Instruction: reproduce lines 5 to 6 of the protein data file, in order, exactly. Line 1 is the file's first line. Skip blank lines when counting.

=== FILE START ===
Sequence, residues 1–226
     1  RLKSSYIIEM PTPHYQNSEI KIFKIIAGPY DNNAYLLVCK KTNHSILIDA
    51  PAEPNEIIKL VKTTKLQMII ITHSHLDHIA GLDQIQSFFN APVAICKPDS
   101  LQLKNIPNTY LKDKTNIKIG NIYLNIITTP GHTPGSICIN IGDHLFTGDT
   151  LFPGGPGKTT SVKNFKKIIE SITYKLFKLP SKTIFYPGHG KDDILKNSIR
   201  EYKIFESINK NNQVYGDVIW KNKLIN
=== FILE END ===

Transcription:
   151  LFPGGPGKTT SVKNFKKIIE SITYKLFKLP SKTIFYPGHG KDDILKNSIR
   201  EYKIFESINK NNQVYGDVIW KNKLIN